Unlike some other infections, when the flu is uncomplicated, it doesn't usually require medical treatment.
Your doctor may prescribe an antiviral medicine (if symptoms are reported within 48 hours of onset), but these usually only shorten the course of the infection by just 1 or 2 days, and most times are only used when a child is at risk for serious complications.
To help your child feel better in the meantime:
- Offer plenty of fluids (fever, which can be associated with the flu, can lead to dehydration). If your child is tired of drinking plain water, try ice pops, icy drinks mixed in a blender, and soft fruits (like melons or grapes) to maintain hydration.
- Encourage your child to rest in bed or on the couch, with a supply of magazines, books, quiet music, and perhaps a favorite movie.
- Give acetaminophen or ibuprofen for aches and pains (but do not give aspirin unless your doctor directs you to do so).
- Dress your child in layers so you can add and remove layers during bouts of chills or fever.
- Ask a close relative or faraway friend to call and help lift your child's spirits.
- Take care of yourself and the other people in your family! If you haven't done so, ask your doctor whether you (and other family members) should get a flu shot. Also, wash your hands thoroughly and often, especially after picking up used tissues.
If your doctor recommends a prescription medicine to ease symptoms, be sure to call before you go to the pharmacy. Because the flu can strongly affect many areas of the United States, some pharmacies might have difficulty keeping certain medicines in stock.
Reviewed by: Steven Dowshen, MD
Date reviewed: November 2010
|Centers for Disease Control and Prevention (CDC) The mission of the CDC is to promote health and quality of life by preventing and controlling disease, injury, and disability. Call: (800) CDC-INFO|
|American Academy of Pediatrics (AAP) The AAP is committed to the health and well-being of infants, adolescents, and young adults. The website offers news articles and tips on health for families.|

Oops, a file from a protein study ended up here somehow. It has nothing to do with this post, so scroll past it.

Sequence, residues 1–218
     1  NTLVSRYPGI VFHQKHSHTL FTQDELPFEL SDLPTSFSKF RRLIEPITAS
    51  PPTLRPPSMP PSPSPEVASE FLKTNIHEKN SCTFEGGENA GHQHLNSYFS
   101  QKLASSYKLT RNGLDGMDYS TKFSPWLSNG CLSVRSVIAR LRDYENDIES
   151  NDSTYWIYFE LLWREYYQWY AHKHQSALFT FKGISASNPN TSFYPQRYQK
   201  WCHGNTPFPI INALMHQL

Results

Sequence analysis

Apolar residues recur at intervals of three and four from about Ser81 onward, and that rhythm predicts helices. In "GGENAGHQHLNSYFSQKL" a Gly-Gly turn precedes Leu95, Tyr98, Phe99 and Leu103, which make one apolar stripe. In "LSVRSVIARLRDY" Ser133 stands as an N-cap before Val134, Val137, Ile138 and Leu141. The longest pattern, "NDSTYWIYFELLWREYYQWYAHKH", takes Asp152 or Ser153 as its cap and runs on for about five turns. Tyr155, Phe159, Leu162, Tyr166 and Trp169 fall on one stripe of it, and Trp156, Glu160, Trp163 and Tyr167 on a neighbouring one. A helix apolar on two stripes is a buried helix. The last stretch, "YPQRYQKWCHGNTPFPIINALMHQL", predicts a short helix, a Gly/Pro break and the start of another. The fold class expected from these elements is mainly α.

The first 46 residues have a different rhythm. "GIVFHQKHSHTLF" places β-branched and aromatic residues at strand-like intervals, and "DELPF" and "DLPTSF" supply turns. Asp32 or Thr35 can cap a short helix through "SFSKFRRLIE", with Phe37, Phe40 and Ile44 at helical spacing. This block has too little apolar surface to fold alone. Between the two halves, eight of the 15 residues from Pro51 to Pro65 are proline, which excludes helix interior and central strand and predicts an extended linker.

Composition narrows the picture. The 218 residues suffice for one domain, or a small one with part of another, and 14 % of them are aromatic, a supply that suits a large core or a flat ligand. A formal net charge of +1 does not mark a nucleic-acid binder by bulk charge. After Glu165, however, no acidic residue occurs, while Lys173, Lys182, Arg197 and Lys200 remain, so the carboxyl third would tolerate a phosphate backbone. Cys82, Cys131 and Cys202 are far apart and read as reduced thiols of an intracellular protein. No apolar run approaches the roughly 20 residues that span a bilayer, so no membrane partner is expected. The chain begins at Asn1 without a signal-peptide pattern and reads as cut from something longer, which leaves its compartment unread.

|American Academy of Family Physicians This site, operated by the American Academy of Family Physicians (AAFP), provides information on family physicians and health care, a directory of family physicians, and resources on health conditions.|
|Influenza Website of the Centers for Disease Control and Prevention (CDC) The CDC's site has up-to-date information on flu outbreaks, immunizations, symptoms, prevention, and more.|
|Flu Instruction Sheet Sometimes mistaken for the common cold, the flu (influenza) causes more symptoms and can sometimes cause serious illness. Fortunately, most kids who get the flu can get over the infection without any problems.|
|Is It a Cold or the Flu? Your child is sent home from school with a sore throat, cough, and high fever - could it be the flu that's been going around? Or is it just a common cold? Find out here!|
|Is the Flu Vaccine a Good Idea for Your Family? The flu itself generally isn't dangerous, but its complications can be. That's why it's important for you and your doctor to determine whether your family can and should get the flu vaccine.|
|Too Late for a Flu Shot? The flu vaccine is usually offered between September and mid-November. Even though it's ideal to get vaccinated early, the flu shot can still be helpful later.|
|Flu Center Learn all about protecting your family from the flu and what to do if your child gets flu-like symptoms.|
|Influenza (Flu) Flu symptoms tend to develop quickly and are usually more severe than the typical sneezing and stuffiness of a cold. Yearly vaccination is the best protection against the flu.|
Note: All information is for educational purposes only. For specific medical advice, diagnoses, and treatment, consult your doctor.
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